David Lammy: EU talks are ‘just the beginning’

Annalena Baerbock, the German federal foreign minister welcomed David Lammy, the British Foreign Secretary on his first trip abroad as minister
Annalena Baerbock, the German federal foreign minister welcomed David Lammy, the British Foreign Secretary on his first trip abroad as minister - THOMAS KOEHLER/COVER IMAGES

David Lammy has said his talks with EU nations this weekend are “just the beginning” of his attempt to “reset” relations with the bloc.

The new Foreign Secretary has embarked on a tour of Europe on his first overseas visit on the job, with trips to see his counterparts in Germany, Poland and Sweden.

Labour has insisted it has no intention of rejoining the EU single market or customs union or restoring free movement.

But the party does want to “improve” the UK-EU trade deal agreed by the Tories in 2020. In particular, Rachel Reeves, the Chancellor, has said that Labour would look to strike deals in the chemical and veterinary sectors.

Writing for The Local, a European news website, Mr Lammy said his talks over the weekend were “just the beginning” of Labour’s efforts to rebuild Britain’s partnership with the EU.

He said: “Over centuries, our individual and national stories have come together to tell a wider story of shared progress. Today, we all share a commitment to democracy, human rights and international law.

“Tragic experiences in our continent’s shared past have helped us to understand how our shared security and prosperity depend on these shared values. And I believe these values also offer a foundation for closer partnership in the future.

“My visit this weekend is just the beginning. I look forward to seeing Britain reconnect with our European neighbours in the years ahead.”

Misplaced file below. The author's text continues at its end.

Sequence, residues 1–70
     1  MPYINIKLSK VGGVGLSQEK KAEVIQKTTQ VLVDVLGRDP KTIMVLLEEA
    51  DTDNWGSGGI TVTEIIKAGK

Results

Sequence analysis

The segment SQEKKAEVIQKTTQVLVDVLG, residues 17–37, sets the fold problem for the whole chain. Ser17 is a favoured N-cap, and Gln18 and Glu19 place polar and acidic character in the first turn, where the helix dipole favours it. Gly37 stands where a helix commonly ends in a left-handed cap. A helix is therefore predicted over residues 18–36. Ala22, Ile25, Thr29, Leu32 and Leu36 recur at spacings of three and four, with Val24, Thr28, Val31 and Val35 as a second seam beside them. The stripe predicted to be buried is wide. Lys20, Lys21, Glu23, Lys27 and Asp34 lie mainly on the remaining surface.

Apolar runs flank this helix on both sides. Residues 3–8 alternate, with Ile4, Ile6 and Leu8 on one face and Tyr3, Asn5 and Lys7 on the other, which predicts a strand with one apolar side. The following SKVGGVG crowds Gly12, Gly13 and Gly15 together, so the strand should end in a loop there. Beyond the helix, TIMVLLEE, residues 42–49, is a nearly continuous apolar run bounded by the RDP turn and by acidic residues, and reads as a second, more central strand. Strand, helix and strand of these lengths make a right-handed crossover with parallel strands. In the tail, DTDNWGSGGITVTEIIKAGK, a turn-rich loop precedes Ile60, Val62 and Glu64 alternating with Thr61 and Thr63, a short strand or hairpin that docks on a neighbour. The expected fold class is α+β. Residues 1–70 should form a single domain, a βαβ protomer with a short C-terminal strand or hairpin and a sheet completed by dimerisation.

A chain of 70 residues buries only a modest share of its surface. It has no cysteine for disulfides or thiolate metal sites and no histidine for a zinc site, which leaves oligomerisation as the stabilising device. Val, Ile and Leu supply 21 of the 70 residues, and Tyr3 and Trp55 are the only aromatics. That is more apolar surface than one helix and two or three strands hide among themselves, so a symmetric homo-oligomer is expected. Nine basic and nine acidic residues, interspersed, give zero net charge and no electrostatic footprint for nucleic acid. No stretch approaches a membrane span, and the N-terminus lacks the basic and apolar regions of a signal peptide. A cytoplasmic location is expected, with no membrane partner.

Mr Lammy vowed to 'reset relations with Europe as a reliable partner, a dependable ally and a good neighbour'
Mr Lammy vowed to 'reset relations with Europe as a reliable partner, a dependable ally and a good neighbour' - BEN DANCE/FCDO

This comes after Simon Harris, the Irish premier said the EU wanted to work more closely with Sir Keir Starmer, the new Prime Minister, on relations with the UK.

The Taoiseach said that there would be a “willingness” in Europe to work with a Labour government to deliver veterinary agreements and “student mobility”.

He told Sky’s Sunday Morning with Trevor Phillips: “Is there space to have a veterinary agreement, is there space in terms of student mobility, is there space to work closer together on issues? I think there absolutely is.

“And I do think there would be a willingness in Europe to have those conversations in due course, should that be the wish of the British government.”

Jonathan Reynolds, the Business Secretary, said that he welcomed the “constructive attitude” from European partners.

He told Sky: “We’ve got the same standards as the European Union, if we can sell more whiskey, more salmon, to a market which is so significant to us, of course we should explore an opportunity like that.”

But he insisted that the Government was not “open” to the free movement of people, insisting that they would not be “revisiting” the issue.

Putting Brexit years behind us

Mr Lammy, who voted Remain and advocated for a second Brexit referendum, said ahead of his trip that it was time to “put the Brexit years behind us”.

In his article for The Local, he vowed to “reset relations with Europe as a reliable partner, a dependable ally and a good neighbour”.

“That is why I am travelling immediately to some of our key European partners. Sitting down with Germany’s Annalena Baerbock, Poland’s Radek Sikorski and Sweden’s Tobias Billström, my message will be simple: let us seize the opportunity for a reset, working even more closely together to tackle shared challenges,” he said.

The Foreign Secretary also said Labour will “champion” EU holidays and school exchanges, which critics argue have been hindered by Brexit.

He said: “We must do more to champion the ties between our people and our culture. Holidays, family ties, school and student exchanges, the arts, and sport (I was of course cheering on England in the Euros…). Thanks to this, our citizens benefit from the rich diversity of our continent.”

Advertisement